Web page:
How to Become an O/O
Do It Yourself?
Independent operator Earl Evans takes truck maintenance and repairs seriously to keep his 2005 Kenworth W900L as close to condition: new as he can. He uses only new parts, does most of his own maintenance and greases with abandon.
“I like to grease every 2,500 miles,” he says. “Since 1974, I’ve never had to replace a part on a truck that has a grease fitting. It’s a simple, fundamental thing to grease, do fluid changes and keep an eye on your truck.”
Most owner-operators don’t handle as much of their own maintenance as Evans does. Yet staying on top of maintenance issues and deciding what tasks you can do for yourself will save you time and money and help prevent those unexpected breakdowns that can undermine your business financially.
Jim Hess, president of Midway Truck Service of Bethel, Pa., advises tackling maintenance with a checklist. He says a basic list could include air, fuel and oil filters, tires, brakes, belts, U joints, cooling system, lights and battery. An overlooked detail might include torquing the oil pan plug.
“An owner-operator could responsibly do a lot of that stuff himself and save money,” Hess says. “Most owner-operators should learn to do things such as replace lights and grease a chassis.”
Bill McClusky, maintenance management consultant at ATBS, says an owner-operator’s maintenance options are limited by today’s more complicated trucks, which contain numerous electronic control systems that, he adds, even some dealerships struggle to keep up with.
John E. Dolce, a fleet maintenance expert affiliated with Wendel Duchscherer, says two key factors in determining who does the maintenance are your tools and the space you have. The money you save from doing your own oil change or changing filters, for example, could cover the cost of a basic set of tools.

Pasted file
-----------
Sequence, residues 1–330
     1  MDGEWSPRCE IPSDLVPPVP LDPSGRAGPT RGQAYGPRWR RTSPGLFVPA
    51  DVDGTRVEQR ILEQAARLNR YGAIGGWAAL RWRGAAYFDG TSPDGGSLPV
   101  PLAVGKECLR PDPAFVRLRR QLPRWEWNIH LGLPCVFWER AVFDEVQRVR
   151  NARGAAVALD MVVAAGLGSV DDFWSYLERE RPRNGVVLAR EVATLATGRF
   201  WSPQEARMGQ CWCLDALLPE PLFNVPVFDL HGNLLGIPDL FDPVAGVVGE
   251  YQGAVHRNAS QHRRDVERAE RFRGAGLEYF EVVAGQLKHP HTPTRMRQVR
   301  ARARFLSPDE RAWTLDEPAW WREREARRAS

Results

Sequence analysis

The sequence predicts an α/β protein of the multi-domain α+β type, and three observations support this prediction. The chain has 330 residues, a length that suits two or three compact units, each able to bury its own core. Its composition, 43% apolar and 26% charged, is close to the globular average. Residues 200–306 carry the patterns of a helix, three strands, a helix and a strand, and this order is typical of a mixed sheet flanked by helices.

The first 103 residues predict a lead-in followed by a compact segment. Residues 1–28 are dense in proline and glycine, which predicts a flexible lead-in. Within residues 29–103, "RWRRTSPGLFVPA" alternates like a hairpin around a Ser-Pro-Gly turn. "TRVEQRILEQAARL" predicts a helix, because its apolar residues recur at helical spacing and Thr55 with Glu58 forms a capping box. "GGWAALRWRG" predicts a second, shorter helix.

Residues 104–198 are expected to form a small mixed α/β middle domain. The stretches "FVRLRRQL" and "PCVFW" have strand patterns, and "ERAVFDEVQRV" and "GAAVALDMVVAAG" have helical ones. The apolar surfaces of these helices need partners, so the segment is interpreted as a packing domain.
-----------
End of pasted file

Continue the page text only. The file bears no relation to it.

An owner-operator should focus on maintenance basics like checking tire pressure, inspecting brakes and performing pre-trip inspections, “ says McClusky. “A lot of [what an owner-operator can do] comes down to things that are required on DOT inspections.”
Many independents regularly change their oil, but even that requires planning and not a small amount of supplies, Dolce notes. Changing 40 quarts of oil requires a large container to catch the used oil. After that you need to find a shop or recycling center that will dispose of the oil.
Disposal is also a problem when changing coolant, McClusky says. When adding coolant, you’ve got to make sure you’re filling the reservoir with the same type of coolant. He recommends switching to extended life coolant.
Lubricating your chassis is easily done, although you’ll need a grease gun (about $15), a grease cartridge (about $5) and coveralls, Dolce says.
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